Swan Song

Wawel castle and cathedral: 'Like visiting Buckingham Palace and Westminster Abbey rolled into one', the guide book said. I generally dislike seeing how the privileged live and I’ve never visited Buckingham Palace, but Wawel Castle state rooms, home to Polish kings from the 14th century, were fascinating, decorated with tapestries, tiled stoves, furniture and paintings from all over Europe. Truly the rich have always had rich pickings. I played the game of trying to find one thing in each room that I'd be prepared to give houseroom (assuming I had enough space, which of course I haven't) and there was very little. Even so, the craft and skill was impressive - marquetry, sculpture, friezes, carpets... and I had never seen whole rooms lined with tooled gilt leather (cordovan) before.

The exhibition about restoring the palace after the Austrian occupiers had turned it into a barracks was illuminating - a real work of love and national pride. The destruction wreaked on Poland by its occupiers and invaders is a sore and recurrent theme, but I notice that King Kazimierz (14th century) is called ‘The Great' in part because he extended Poland's territory. A slight disconnect.

The cathedral was far too full of gold for my taste (what would the money-lenders have made of Christianity 1,600 years after Jesus overturned their tables in the temple?) but the climb up the tower's steep, narrow wooden stairs to see a vast bell and a great view appealed.

The cathedral museum contained clothing of kings and archbishops that I didn't think was possible: on the back of regal cloaks were small bas-reliefs, made of wood then covered in silvery fabric embroidered with gold thread and tiny pearls. Astonishing, on every level.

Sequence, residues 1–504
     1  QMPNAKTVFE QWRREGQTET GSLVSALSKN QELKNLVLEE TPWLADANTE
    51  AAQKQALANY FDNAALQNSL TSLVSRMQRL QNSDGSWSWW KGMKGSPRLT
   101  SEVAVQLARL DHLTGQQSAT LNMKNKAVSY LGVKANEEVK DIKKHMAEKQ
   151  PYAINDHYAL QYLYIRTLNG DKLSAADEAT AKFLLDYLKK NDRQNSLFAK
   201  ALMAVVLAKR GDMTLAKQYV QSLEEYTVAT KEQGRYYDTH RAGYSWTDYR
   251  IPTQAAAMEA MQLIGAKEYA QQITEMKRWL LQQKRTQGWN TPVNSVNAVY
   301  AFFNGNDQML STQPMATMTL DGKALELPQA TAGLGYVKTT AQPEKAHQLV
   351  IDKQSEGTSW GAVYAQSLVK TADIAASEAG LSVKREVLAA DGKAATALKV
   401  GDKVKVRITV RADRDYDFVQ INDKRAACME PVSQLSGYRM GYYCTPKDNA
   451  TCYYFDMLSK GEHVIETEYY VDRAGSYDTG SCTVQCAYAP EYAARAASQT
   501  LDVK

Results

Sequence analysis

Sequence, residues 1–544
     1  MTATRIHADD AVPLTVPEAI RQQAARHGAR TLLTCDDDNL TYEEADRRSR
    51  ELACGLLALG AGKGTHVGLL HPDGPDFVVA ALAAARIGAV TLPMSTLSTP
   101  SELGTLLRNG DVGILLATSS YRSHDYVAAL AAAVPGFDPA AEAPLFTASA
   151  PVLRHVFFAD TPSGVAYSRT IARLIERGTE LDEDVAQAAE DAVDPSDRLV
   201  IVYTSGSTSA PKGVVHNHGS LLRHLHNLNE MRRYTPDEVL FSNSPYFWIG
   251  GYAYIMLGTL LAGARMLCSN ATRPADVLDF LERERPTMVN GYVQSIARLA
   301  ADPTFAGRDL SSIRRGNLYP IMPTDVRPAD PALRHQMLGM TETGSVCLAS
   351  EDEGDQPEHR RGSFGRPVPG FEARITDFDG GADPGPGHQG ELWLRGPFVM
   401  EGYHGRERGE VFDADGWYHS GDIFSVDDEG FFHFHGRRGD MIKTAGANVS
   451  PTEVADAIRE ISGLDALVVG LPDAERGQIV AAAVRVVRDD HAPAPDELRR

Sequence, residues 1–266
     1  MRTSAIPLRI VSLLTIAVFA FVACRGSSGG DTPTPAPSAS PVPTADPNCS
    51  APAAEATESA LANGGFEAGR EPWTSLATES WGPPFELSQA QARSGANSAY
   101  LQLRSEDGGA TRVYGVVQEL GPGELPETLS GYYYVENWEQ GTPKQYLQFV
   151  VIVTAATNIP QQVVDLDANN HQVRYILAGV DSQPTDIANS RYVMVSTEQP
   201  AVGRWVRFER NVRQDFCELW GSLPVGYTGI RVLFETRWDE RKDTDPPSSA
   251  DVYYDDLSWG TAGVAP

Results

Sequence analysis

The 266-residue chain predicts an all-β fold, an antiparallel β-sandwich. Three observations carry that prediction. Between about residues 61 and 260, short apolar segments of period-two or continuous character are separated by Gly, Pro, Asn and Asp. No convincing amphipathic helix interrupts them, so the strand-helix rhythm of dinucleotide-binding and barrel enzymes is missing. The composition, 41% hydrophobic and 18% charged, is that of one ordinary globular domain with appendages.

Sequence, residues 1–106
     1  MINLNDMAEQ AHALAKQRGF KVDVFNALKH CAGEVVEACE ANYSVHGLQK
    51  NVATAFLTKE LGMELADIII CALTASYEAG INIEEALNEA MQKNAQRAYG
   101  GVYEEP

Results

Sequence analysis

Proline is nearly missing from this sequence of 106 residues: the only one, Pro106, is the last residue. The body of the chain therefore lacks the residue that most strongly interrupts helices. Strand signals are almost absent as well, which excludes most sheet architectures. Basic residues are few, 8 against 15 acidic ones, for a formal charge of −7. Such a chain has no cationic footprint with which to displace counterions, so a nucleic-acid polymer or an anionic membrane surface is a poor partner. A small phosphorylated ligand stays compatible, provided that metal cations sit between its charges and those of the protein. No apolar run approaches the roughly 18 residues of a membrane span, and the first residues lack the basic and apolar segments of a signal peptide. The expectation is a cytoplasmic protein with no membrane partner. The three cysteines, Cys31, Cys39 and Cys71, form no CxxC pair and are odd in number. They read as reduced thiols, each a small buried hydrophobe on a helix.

Today is my last day in Poland and fittingly, there has been rain - to the pleasure of this busking violinist when a hundred of us sheltered under the bridge where he was playing - and I have been wandering new (extra of a block of flats I enjoyed) and familiar streets, bidding this place farewell.

When I planned this trip I wanted to fit two days in Gdansk between Warsaw and Krakow but Son's timings meant that that wouldn't work. I thought seven days in Krakow would be too long but it hasn't been. I've loved this beautiful, confident, lively city beyond anything I expected. I also enjoyed Warsaw much more than I expected. The implication, I realise, is that my expectations of Poland were lower than they should have been. I've been wondering why and think that, subliminally, I assumed that over 900,000 Poles living in the UK must mean something wasn't working here. If that's so, I haven't seen what it is. Culture, infrastructure, employment, food - all are excellent. I wouldn't want their racist government, but then I'm not that keen on ours either.

Black and white in colour 186

A surreal second extra, spotted as I left the flat this morning.

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